The Chesapeake and Delaware Canal is a 14-mile long waterway connecting the head of the Chesapeake Bay and Port of Baltimore to the head of the Delaware River and Port of Philadelphia. When construction finished in 1829, the Chesapeake and Delaware Canal proved to be a huge benefit to the shipping and trade industry, shortening the trip from Baltimore to Philadelphia by almost 500 miles.

Today, the canal is the only one built in the 19th century that still operates as a major shipping route. The original pump house is now a museum and visitor’s center. Visitors can view two of the steam engines initially installed in 1850, the oldest in America still on their original foundations.


The state of Delaware is rich in history, spanning from the early colonial era to the Civil War.

For those looking to get away from the hustle and bustle of urban life, the town of Smyrna gives visitors a chance to connect with the great outdoors. Visit Bombay Hook National Wildlife Refuge to see the diverse wildlife of the Delaware coast or wander Blackbird State Forest’s trails and campgrounds. In town, visitors can learn about Smyrna’s connection to the Civil War at the Smyrna Museum and wrap up the day at one of the town’s many restaurants and breweries. You can also travel to Camden, a town with a rich Quaker history. Camden features historic Underground Railroad stops that you can explore during your trip, like the Camden Friends Meeting center. Abolitionists used this historic Quakers meetinghouse to shelter runaway slaves on the Underground Railroad.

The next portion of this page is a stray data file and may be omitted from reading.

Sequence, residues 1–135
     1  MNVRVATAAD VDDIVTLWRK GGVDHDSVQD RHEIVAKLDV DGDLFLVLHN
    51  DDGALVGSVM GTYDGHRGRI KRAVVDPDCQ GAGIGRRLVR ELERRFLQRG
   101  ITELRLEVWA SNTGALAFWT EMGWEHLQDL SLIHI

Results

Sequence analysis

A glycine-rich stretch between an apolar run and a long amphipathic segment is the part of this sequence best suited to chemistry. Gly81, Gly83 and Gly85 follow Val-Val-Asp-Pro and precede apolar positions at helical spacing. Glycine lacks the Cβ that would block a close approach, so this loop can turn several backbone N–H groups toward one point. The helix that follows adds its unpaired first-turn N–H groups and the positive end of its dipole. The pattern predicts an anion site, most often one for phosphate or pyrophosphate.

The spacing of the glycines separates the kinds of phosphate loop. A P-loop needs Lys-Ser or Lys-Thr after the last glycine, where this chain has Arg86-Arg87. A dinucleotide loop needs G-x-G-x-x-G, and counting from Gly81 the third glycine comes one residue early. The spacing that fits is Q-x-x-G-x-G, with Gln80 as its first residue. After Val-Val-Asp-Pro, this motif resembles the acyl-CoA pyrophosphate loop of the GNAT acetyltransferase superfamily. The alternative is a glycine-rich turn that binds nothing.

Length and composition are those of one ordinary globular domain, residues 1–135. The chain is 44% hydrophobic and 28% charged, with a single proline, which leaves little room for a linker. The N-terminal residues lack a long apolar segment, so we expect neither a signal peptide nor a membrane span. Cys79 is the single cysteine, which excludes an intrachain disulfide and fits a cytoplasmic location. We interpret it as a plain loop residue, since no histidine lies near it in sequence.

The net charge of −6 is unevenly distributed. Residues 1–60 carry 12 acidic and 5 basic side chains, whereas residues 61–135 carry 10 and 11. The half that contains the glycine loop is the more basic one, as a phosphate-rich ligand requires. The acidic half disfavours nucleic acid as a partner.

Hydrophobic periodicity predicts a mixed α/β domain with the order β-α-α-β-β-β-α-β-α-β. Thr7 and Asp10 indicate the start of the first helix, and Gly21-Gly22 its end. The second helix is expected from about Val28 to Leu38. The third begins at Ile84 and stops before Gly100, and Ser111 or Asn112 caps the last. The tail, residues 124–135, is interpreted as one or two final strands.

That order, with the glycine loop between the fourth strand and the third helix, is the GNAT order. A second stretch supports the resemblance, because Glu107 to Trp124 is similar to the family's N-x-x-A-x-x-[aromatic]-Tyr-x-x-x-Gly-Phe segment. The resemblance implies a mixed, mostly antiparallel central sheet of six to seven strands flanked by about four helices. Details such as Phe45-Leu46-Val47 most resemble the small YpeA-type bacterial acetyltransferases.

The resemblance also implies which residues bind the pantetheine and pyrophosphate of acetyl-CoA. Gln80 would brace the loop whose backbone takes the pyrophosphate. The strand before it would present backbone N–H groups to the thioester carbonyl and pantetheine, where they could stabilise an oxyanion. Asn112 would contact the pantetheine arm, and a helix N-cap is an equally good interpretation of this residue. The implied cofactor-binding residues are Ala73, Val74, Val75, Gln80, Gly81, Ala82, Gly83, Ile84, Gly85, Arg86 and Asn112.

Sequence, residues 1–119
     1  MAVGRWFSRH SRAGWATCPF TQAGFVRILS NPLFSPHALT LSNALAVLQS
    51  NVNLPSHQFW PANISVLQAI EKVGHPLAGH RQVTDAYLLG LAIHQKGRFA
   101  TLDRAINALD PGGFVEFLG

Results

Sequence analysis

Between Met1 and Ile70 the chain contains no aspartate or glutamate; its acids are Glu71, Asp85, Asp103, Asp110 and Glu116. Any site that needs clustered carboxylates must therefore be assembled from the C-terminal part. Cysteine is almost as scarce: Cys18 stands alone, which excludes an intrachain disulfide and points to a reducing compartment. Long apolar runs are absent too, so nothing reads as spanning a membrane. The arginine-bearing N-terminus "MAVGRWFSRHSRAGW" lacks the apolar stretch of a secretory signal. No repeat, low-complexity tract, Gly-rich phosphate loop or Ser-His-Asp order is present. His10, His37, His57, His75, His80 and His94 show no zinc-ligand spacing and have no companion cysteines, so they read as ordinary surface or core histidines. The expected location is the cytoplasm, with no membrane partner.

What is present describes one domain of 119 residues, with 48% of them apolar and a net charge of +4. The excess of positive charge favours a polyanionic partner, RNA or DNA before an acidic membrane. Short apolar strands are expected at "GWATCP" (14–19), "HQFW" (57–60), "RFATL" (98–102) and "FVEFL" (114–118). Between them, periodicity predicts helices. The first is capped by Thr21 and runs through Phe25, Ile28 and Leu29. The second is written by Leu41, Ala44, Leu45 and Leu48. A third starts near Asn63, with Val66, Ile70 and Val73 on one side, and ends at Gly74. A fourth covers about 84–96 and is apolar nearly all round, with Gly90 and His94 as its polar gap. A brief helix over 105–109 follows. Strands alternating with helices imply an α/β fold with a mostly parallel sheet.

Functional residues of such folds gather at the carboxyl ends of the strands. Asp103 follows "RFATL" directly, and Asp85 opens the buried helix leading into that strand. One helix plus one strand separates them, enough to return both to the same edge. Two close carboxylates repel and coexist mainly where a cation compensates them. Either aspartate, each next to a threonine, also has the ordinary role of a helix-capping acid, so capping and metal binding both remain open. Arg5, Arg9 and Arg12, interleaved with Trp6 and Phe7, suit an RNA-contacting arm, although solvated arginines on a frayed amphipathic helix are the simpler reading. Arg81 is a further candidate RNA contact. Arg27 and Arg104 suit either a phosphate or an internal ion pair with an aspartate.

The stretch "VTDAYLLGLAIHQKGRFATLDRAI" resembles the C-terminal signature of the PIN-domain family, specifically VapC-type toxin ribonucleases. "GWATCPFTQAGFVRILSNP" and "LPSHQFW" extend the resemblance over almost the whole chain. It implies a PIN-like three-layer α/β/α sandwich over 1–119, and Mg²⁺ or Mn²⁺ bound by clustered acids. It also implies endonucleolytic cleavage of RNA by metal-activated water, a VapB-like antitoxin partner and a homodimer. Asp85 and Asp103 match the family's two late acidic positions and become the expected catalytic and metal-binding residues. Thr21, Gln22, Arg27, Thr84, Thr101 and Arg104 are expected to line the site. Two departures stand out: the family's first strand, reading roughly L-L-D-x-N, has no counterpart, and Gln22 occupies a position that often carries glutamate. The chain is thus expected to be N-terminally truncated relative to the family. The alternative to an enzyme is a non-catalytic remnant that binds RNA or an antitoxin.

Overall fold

Wherever you go, Central Delaware has something unique to offer to every visitor looking to learn more about The First State.


The First State Heritage Park proudly links historical and cultural sites in the city of Dover, creating Delaware’s first “park without boundaries.” The city of Dover has been the seat of government since 1777, hosting numerous historical figures in U.S. history!

While visiting downtown Dover, you can walk in the footsteps of some of Delaware’s most notable historical figures. Learn about history in Delaware at the John Bell House, the oldest wooden structure on The Green or stop by the Old State House, Delaware’s original capitol building. Then, step back in time to colonial America and tour the John Dickinson Plantation, where you can learn about the life of one of America’s founding fathers and signers of the U.S. Constitution!

Learn more about what history you can uncover in Central Delaware today!